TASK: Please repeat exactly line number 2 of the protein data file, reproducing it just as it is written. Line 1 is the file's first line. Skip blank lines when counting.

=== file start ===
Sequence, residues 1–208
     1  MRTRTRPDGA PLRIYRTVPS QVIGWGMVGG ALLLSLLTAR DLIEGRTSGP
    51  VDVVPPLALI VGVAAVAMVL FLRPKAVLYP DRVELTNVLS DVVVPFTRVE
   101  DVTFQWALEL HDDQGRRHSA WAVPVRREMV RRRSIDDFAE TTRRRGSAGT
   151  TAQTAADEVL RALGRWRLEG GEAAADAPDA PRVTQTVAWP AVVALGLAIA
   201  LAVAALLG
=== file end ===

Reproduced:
     1  MRTRTRPDGA PLRIYRTVPS QVIGWGMVGG ALLLSLLTAR DLIEGRTSGP